BRC010: Joe Cutler: Hawaii Hawaii Hawaii (2020)

Released November 21 2020
CD: £12.99 | MP3: £7.99 | FLAC: £8.99


Following hot on the heels of his critically-acclaimed 2018 NMC album Elsewhereness, Joe Cutler’s new release focusses on dynamic live recordings of four works for large forces written over a two-decade period. At the heart of this release is the recent saxophone concerto Hawaii Hawaii Hawaii, a BBC Commission premiered in 2019, and written for Trish Clowes with the BBC Concert Orchestra.

“Just marvellous … a deep musical intelligence combined with genuinely new sonorities and expression.”

composer Errollyn Wallen on Hawaii Hawaii Hawaii

Trish Clowes has been described in The Guardian as “one of the most agile and original jugglers of improv and adventurous composition to have appeared in the UK in recent times”, and Hawaii Hawaii Hawaii is the result of close collaboration between Cutler and Clowes, with the piece exploiting sections of ‘directed improvisation’. The work itself is a meditation on David Mitchell’s story ‘Somni-451’ from the novel Cloud Atlas, set in an East Asian dystopian empire in the near future. Cutler’s work has often been described as ‘post-genre’ and this powerful compositional statement references a diverse range of influences ranging from Morton Feldman to Ben Webster, or Brian Eno to Tōru Takemitsu, but refracted through the composer’s unique and idiosyncratic lens.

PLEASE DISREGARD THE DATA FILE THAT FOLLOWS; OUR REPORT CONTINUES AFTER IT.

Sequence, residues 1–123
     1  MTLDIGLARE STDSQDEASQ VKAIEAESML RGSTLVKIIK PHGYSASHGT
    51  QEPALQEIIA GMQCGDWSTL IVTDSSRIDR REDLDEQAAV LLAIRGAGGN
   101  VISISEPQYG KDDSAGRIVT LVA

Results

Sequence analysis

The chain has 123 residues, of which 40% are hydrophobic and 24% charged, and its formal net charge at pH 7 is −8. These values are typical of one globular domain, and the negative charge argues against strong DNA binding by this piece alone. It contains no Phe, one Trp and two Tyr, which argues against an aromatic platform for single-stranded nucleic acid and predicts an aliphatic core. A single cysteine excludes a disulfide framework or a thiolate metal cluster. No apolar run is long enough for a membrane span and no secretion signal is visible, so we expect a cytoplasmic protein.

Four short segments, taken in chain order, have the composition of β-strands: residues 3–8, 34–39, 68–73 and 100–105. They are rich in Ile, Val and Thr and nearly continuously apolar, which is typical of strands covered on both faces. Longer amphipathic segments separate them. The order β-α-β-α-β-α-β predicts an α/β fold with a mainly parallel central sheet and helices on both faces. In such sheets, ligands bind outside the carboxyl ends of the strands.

The other three works on the album derive from Cutler’s twenty-year close relationship with the Netherlands-based collective, Orkest de Ereprijs. The baroque-infused September Music is a powerful reflection on the passing of time, whilst in Bad Machine, the piano soloist metaphorically becomes entrapped within the brutal mechanisms of the machine. Chorale for Wim Megans is an intimate and touching memorial to the ensemble’s founding conductor.

Like Elsewhereness, this fascinating album is packed with playfulness, but alongside that, profound philosophical questions emerge relating to the relationship between reality, freedom and time.

“Raw raucous graphic immediacy”

Paul Driver, The Sunday Times

“Bone shaking, spirited live performances … lots of fun”

Geoff Brown, The Times